ERCIM News No.34 - July 1998

Numerical Algorithms for Air and Surface Water Quality Modelling

by Jan Verwer

Many environmental problems, such as damage to the biosphere, local air pollution, the spread of harmful substances in the water, and global climatic changes can not be studied by experimentation. Hence, mathematical models and computer simulations are being used as the appropriate means to get more insight. CWI has been active in this field from the early 1990s and co-operates with several organizations within and outside The Netherlands. Significant parts of the research are carried out within the TASC project (Transport Applications and Scientific Computing) and are supported by the national HPCN programme and the Cray University Research Grants Programme.

The mathematical models consist of a set of partial differential equations (PDEs) describing the system's evolution in time. By discretizing the time and space variables occurring in the PDEs on a grid, a numerical model is obtained, which is then solved on a computer. Due to the rapid progress in high performance computing this numerical approach is nowadays many times cheaper than building traditional scale models. In addition, many processes such as the spread of pollutants defy accurate simulation by means of scale models.

Solving such realistic time-dependent PDEs numerically is very computation-intensive. Discretization in space coordinates produces a formidable set of ordinary differential equations (ODEs) in which only time occurs as a continuous variable. This set of equations is then solved step-wise in time by means of a numerical integration formula. The choice of the spatial discretization and the integration formula depends on the stability of the evolution process, the desired accuracy of the approximation and the efficiency of the entire computation process.

figureCWI carries out research jointly with the national Organization for Applied Research TNO to develop a regional 3D long-term ozone simulation model, replacing the current LOTOS model used by TNO. CWI contributes with the design of the mathematical model for a hybrid (terrain following and pressure based) coordinate system and, in particular, of tailored numerical algorithms and implementations on parallel and super-computers.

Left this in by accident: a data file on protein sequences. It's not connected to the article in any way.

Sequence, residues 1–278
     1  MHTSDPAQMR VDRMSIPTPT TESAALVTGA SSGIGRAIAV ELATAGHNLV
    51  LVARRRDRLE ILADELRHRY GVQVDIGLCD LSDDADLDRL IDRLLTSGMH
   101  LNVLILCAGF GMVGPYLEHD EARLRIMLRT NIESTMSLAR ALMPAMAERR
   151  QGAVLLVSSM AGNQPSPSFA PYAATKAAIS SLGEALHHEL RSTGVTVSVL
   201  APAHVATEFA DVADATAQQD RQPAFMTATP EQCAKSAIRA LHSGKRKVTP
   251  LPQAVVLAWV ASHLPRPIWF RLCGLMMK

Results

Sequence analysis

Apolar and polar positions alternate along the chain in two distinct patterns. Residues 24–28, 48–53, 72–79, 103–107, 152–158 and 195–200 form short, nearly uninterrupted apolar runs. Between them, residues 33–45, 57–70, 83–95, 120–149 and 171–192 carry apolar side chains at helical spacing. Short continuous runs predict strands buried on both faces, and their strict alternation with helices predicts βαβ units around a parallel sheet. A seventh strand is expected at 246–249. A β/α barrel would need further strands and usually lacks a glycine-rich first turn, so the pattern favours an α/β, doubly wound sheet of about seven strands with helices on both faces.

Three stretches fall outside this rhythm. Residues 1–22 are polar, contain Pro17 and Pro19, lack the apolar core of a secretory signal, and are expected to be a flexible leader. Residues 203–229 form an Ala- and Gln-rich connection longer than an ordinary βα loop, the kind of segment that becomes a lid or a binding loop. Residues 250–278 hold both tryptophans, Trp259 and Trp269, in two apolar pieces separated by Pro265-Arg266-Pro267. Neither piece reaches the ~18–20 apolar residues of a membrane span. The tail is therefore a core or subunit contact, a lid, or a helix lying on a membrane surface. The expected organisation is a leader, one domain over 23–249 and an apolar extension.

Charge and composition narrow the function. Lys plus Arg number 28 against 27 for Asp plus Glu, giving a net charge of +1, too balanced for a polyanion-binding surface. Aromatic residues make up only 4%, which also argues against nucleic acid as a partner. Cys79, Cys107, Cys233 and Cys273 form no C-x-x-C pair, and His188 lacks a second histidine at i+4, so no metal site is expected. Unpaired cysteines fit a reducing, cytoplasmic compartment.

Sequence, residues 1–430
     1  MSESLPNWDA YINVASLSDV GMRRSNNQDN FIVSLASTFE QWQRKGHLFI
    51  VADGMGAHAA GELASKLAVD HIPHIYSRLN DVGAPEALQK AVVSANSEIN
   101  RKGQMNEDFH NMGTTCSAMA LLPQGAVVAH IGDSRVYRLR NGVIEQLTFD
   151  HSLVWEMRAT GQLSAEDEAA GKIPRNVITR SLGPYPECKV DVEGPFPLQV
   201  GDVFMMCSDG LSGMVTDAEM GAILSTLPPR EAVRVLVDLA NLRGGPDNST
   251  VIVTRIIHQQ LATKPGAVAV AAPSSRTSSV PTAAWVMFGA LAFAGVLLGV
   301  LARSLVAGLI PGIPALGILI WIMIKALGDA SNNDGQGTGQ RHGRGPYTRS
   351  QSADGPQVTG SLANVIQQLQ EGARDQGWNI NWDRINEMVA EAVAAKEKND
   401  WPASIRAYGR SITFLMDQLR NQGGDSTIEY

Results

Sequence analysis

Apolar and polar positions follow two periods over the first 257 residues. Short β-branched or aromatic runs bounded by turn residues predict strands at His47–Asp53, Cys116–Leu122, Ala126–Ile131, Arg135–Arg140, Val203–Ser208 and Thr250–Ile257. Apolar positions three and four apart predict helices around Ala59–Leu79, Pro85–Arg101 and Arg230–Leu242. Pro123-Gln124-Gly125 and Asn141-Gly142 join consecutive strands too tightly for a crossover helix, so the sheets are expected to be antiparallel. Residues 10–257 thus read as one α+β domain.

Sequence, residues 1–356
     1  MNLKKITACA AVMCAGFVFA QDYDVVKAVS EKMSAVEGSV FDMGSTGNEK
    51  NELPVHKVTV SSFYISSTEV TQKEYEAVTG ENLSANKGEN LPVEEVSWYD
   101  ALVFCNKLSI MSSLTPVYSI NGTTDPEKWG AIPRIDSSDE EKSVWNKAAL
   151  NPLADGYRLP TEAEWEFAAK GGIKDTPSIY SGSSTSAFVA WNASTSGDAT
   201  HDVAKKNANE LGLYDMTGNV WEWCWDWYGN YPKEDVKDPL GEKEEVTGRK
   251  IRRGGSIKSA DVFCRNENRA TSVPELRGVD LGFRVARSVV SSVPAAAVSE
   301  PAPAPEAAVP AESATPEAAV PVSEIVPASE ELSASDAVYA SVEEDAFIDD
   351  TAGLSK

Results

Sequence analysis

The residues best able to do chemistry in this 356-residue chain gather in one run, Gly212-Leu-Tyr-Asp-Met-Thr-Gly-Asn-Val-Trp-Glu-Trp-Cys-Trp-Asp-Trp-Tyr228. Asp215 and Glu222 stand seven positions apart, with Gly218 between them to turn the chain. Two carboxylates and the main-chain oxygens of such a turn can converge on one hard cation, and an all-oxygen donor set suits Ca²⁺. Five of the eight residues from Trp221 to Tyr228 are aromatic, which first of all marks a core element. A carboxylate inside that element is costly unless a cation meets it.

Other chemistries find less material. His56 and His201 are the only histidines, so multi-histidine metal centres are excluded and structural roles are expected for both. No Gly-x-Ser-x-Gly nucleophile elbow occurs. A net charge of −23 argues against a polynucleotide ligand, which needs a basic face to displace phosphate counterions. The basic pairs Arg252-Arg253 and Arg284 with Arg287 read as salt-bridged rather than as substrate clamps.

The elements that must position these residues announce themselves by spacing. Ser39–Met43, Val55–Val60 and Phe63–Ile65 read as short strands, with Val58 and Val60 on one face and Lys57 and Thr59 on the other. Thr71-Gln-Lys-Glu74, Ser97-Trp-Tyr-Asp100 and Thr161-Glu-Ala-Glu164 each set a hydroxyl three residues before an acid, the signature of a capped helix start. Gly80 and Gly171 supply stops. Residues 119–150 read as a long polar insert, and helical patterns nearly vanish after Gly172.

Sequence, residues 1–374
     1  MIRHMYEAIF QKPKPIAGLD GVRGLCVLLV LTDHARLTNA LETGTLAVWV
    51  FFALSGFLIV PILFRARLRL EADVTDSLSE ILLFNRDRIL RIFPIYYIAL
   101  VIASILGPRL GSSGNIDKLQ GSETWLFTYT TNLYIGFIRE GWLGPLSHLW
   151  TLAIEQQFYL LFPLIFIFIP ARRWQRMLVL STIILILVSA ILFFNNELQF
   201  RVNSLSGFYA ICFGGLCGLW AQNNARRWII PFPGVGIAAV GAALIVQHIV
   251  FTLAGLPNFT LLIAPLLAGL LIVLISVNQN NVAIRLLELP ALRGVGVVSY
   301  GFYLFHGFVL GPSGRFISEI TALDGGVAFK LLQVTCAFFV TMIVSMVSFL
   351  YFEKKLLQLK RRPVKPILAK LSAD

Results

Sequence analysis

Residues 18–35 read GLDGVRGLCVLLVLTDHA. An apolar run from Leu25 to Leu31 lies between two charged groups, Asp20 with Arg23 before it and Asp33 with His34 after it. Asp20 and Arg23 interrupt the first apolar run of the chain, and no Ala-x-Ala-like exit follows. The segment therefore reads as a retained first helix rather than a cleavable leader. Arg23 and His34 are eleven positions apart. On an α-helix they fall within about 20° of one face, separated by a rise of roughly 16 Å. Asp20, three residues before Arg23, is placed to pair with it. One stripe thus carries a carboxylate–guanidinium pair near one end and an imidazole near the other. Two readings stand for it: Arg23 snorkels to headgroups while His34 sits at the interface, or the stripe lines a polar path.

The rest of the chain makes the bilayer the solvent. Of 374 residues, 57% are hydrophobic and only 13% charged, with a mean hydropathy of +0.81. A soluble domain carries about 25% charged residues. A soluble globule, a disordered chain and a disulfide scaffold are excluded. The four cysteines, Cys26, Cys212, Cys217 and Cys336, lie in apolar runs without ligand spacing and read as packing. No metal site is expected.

In a similar project, CIRK, CWI has developed numerical algorithms for use in 3D models describing global changes in the troposphere's chemical composition due to the long-term spread of air polluting substances, taking into account exchange with the stratosphere. The work included stiff chemistry integration and a factorization approach within the Rosenbrock method, as well as the validation of various advection schemes in a real-life radon experiment, using analyzed wind fields from ECMWF. New work in this field centres around the existing TM3 model. Other recently started research in air quality modelling concerns application of operator splitting and sparse-grid methods to advection-diffusion-reaction problems.

CWI's present contributions to water quality modelling are based on a previously developed efficient computing model for 3D shallow-water equations (SWEM). Here a parallel vectorized flow model was implemented on a Cray supercomputer. In SWEM a transport model is coupled to a hydrodynamic model which generates the velocity field for the transport model. Starting from the SWEM model CWI designs parallel numerical methods for the simulation of water pollution (calamitous releases), the marine eco-system, dispersion of river water, sediment transport, etc. In connection with this a 3D transport model was studied, in particular the iterative solution of the equations resulting from their implicit time-discretization, and domain decomposition with domains of varying grid resolutions. Part of the research is carried out in the EU programme MAST within the MMARIE project (Modelling of Marine Eco Systems), with applications to pollution on the Continental Shelf caused by sediment transport from the Rhine and other major European rivers.

For more information see:

Please contact:

Jan Verwer - CWI
Tel: +31 20 592 4095
E-mail: Jan.Verwer@cwi.nl

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